Second Sunday Bingo is one of the Odd Fellows' most popular fundraisers. Proceeds are donated to a different local nonprofit organization or charity each month. Courtesy photo

Second Sunday Bingo is one of the Odd Fellows' most popular fundraisers. Proceeds are donated to a different local nonprofit organization or charity each month. Courtesy photo

Local News

Odd Fellows will celebrate 143 years in Davis

By From page A4 | April 07, 2013

On Friday, the Davis Odd Fellows Lodge No. 169 will celebrate its 143rd anniversary, making it the oldest continuously operating entity in Davis. Chartered April 12, 1870, the lodge originally was known as Yolo Lodge No. 169 because there was no “Davis” in those days.

The lodge is a fraternal organization founded on the principles of “Friendship — Love — Truth,” reflected by the three interlocking links of its logo. The lodge is open to men and women 16 years of age or older.

Community members are invited to an open house at the Odd Fellows Hall, 415 Second St., from 1 to 5:30 p.m. Friday. Tours will be offered and complimentary beer, wine or soft drinks will be available following the tours.

“The Davis Lodge provides both a venue for community service and also a social network for its members,” said longtime member Dave Rosenberg, a former Noble Grand and current membership chair. “We often provide our lodge free of charge to help community and charitable organizations, and provide a wide spectrum of support to members of our community. It’s good to be an Odd Fellow.”

There are 192 members of the Davis Lodge ranging in age from 16 to 86, and 28 applicants are seeking admission to membership.

“The motto and commitment of all Odd Fellows, worldwide, is ‘to visit the sick, relieved the distressed and education the orphan,’ ” said Bob Schelen, current Noble Grand. “Our Davis lodge has adapted this slogan to modern times by helping with raising funds and volunteering with such groups as the Food Bank of Yolo County, Suicide Prevention of Yolo County and with foster children, senior citizens and those with mental illness.”

The Davis Odd Fellows Lodge is the fastest-growing lodge in the United States, Rosenberg said, but the 143rd anniversary focuses on the past of Odd Fellowship in Davis.

Established just five years after the end of the Civil War, the lodge was founded by Grand Master John Brown Harmon of Apollo Lodge No. 123, San Francisco. He was accompanied by Elias Driggs Farnsworth, Most Worthy Grand Sire, who was visiting California at the time; Lewis Soher, Mokelumne Lodge No. 44; John A. McClelland, San Francisco No. 3; T. Rodgers Johnson, also of San Francisco Lodge; Daniel Webster Welty, Sacramento Lodge No. 2, Sacramento (who would be elected Grand Master in 1875); John P. Davis, Victoria B.C.; and Henry K. Snow, Capitol Lodge No. 87, Sacramento.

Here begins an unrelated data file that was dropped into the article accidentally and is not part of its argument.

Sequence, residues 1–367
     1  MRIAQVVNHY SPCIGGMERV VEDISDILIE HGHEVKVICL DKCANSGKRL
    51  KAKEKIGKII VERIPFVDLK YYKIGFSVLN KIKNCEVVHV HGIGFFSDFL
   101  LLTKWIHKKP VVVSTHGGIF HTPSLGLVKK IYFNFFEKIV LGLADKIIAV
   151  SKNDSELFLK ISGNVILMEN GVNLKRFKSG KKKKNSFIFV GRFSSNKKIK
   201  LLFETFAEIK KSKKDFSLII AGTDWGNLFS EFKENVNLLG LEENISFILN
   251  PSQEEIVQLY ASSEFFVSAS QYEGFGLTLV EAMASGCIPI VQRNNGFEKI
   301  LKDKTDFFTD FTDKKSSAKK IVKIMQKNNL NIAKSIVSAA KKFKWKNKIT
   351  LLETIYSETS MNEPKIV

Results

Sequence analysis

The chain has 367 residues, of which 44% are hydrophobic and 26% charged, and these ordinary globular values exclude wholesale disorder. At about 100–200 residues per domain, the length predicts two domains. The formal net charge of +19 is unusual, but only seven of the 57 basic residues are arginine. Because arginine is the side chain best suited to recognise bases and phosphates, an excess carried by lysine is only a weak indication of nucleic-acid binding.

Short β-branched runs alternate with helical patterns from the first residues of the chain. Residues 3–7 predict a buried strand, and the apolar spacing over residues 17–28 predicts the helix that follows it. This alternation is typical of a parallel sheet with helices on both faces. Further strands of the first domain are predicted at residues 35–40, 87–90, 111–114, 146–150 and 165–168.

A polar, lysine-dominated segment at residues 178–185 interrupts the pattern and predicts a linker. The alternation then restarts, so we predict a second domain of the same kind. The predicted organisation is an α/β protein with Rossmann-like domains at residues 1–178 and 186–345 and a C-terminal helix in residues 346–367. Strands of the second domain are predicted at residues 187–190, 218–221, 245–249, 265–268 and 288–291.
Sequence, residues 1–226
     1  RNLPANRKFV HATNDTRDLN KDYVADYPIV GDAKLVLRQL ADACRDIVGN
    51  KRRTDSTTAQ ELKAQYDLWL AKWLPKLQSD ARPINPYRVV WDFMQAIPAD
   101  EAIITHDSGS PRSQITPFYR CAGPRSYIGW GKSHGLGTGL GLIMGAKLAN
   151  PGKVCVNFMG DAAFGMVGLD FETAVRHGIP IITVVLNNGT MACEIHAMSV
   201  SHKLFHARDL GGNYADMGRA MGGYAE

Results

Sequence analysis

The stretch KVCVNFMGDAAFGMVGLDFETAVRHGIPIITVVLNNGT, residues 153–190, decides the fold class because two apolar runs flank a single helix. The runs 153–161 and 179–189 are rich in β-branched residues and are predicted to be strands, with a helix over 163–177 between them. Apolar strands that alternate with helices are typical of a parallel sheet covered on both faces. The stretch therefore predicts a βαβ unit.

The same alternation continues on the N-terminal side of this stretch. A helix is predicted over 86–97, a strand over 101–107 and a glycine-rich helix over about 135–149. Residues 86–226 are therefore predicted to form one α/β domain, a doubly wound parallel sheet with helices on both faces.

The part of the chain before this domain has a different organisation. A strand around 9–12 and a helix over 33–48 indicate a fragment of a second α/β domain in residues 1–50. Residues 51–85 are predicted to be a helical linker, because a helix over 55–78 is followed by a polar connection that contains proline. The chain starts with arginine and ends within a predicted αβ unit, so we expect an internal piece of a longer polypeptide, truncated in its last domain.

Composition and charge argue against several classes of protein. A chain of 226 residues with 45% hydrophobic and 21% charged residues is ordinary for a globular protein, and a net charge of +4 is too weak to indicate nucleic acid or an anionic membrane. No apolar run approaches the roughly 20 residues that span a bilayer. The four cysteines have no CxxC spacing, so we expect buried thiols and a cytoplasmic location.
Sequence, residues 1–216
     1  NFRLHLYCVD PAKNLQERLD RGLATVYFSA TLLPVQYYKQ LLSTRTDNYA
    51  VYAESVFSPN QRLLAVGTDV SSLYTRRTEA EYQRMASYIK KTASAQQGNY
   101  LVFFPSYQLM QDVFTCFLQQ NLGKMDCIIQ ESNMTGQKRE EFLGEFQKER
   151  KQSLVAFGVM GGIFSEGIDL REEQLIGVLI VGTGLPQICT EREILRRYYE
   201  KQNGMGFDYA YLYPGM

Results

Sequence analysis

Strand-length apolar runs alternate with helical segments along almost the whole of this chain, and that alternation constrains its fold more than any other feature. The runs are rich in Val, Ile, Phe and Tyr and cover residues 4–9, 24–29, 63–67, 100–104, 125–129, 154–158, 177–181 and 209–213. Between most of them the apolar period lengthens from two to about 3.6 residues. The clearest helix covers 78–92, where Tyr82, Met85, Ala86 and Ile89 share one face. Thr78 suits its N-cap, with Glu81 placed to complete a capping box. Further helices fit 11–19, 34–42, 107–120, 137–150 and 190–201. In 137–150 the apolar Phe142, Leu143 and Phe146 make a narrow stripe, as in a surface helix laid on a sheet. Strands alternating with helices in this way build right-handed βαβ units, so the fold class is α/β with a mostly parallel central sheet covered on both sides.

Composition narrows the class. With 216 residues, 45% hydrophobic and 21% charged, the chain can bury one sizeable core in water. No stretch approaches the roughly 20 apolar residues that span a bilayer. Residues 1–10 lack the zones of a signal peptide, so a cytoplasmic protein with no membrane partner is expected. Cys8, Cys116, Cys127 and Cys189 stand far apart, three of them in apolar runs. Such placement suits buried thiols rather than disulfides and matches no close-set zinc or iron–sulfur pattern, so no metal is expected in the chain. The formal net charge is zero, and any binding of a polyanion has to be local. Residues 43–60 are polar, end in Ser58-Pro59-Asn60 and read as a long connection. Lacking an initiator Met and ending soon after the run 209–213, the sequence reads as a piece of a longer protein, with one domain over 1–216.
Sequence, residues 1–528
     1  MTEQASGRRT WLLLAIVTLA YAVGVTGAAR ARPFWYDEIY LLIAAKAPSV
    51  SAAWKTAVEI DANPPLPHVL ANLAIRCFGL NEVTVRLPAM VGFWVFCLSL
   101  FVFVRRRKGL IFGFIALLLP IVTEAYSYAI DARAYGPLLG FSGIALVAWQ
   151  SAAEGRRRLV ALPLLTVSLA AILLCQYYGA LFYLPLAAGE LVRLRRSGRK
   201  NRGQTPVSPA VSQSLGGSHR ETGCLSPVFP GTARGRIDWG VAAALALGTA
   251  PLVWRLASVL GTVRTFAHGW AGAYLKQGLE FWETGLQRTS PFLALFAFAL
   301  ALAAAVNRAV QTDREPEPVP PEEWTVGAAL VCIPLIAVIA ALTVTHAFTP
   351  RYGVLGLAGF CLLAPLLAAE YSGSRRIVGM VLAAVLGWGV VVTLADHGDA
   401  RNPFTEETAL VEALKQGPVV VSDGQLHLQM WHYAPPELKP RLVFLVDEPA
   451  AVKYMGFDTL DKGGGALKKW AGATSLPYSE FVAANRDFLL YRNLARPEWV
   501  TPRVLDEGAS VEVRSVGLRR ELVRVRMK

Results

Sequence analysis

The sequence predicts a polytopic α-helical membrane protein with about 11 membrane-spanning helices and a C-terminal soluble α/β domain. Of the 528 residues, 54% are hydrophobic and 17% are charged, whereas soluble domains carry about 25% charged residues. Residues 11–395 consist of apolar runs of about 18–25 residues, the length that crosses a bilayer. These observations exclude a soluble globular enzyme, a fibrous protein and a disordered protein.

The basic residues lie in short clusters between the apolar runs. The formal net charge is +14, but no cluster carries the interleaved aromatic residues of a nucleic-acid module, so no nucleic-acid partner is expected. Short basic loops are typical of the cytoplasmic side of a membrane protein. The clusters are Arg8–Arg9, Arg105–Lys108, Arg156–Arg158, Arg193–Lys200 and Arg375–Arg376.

A large delegation from Eureka Lodge No. 4 and El Dorado Lodge No. 8 also attended.

Charter members of the Davis Lodge included Noble Grand Jacob Horning, the first representative to Grand Lodge in 1871, in Sacramento; Vice Grand Frantz Multner; Recording Secretary Charles Hartman; Treasurer Markus Weinberger; James D. Ford; H. Bunkattar; A.B. Bonhan; James H. Clark; John L. Morgan; F.E. Fliggles; and George Pierce.

On Aug. 21, 1876, the lodge members dedicated their new building. Grand Master Harmon J. Tilden, a member of Parker Lodge No. 124 in San Francisco, granted a dispensation to the lodge, permitting members to wear their regalia in public during the downtown parade and dedication program.

The ceremony was under the supervision of Julius Amos Kinsman, a member of the Yolo Lodge.

At the time their membership was 53. The members remained at this location until their new lodge hall at 415 Second St. was dedicated in 1956. The Davis Odd Fellows remain at this location today.

The hall but underwent extensive remodeling in the past few years, including installation of a stainless steel commercial kitchen, new restrooms, an elevator and major renovations to the Lower Hall and Upper Hall.

On April 11, 1970, Yolo Lodge celebrated its 100th anniversary. Guests at the centennial observance included two granddaughters of the lodge’s first Noble Grand, Jacob Horning.

Mrs. John Rogers, 84, and Mrs. George Washington Swenson, age 81, both residents of Davis.

Others taking part in this once-in-a-lifetime event were Noble Grand Karl Wuest, master of ceremonies, who died Sept. 15, 1983; Vice Grand Alvin Stone; Recording Secretary John Dunlap, who died Jan. 24, 1979; Treasurer Robert Ring, who died May 20, 1976; Inside Guardian James Blades, who died April 12, 1985; Outside Guardian Norton Honeyfield, who died in March 1986; and Financial Secretary, Samuel Weis.

Members of the Davisville Rebekah Lodge No. 253, founded April 15, 1901, served refreshments following the program.

Enterprise staff

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